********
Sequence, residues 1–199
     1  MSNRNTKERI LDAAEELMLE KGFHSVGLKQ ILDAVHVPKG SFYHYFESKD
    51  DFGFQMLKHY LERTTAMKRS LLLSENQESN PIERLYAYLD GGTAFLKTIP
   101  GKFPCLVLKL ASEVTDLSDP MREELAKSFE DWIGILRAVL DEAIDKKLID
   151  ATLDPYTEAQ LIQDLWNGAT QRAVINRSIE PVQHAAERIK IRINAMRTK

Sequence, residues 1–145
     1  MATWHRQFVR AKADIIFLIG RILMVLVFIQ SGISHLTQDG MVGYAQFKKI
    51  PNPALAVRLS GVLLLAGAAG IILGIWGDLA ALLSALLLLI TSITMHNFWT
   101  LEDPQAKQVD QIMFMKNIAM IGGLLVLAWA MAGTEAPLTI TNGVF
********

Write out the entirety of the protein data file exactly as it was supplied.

Sequence, residues 1–199
     1  MSNRNTKERI LDAAEELMLE KGFHSVGLKQ ILDAVHVPKG SFYHYFESKD
    51  DFGFQMLKHY LERTTAMKRS LLLSENQESN PIERLYAYLD GGTAFLKTIP
   101  GKFPCLVLKL ASEVTDLSDP MREELAKSFE DWIGILRAVL DEAIDKKLID
   151  ATLDPYTEAQ LIQDLWNGAT QRAVINRSIE PVQHAAERIK IRINAMRTK

Sequence, residues 1–145
     1  MATWHRQFVR AKADIIFLIG RILMVLVFIQ SGISHLTQDG MVGYAQFKKI
    51  PNPALAVRLS GVLLLAGAAG IILGIWGDLA ALLSALLLLI TSITMHNFWT
   101  LEDPQAKQVD QIMFMKNIAM IGGLLVLAWA MAGTEAPLTI TNGVF